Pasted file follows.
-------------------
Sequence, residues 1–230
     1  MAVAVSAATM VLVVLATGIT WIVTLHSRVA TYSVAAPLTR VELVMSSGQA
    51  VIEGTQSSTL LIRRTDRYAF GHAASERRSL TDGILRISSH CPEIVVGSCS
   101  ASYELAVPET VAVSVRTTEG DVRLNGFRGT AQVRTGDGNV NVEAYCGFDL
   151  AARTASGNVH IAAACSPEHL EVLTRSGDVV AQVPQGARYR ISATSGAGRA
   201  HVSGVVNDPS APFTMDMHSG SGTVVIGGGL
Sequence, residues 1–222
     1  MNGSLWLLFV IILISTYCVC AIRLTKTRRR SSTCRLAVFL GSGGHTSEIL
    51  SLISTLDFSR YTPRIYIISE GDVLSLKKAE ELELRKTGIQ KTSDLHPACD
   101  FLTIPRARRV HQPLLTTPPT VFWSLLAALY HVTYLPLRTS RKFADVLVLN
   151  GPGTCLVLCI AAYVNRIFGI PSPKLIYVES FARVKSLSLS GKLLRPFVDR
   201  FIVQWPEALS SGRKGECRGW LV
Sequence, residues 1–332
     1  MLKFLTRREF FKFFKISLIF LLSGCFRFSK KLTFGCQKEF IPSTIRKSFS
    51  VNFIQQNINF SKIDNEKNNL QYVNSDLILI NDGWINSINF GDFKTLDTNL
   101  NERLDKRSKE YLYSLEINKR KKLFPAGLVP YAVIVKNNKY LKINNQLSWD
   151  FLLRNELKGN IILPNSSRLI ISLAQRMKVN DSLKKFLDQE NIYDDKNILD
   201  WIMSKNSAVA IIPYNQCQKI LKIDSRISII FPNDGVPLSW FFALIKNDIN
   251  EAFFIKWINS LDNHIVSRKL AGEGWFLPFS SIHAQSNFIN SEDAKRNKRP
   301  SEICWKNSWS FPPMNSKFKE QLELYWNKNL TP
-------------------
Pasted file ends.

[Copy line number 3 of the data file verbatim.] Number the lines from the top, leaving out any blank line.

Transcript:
    51  VIEGTQSSTL LIRRTDRYAF GHAASERRSL TDGILRISSH CPEIVVGSCS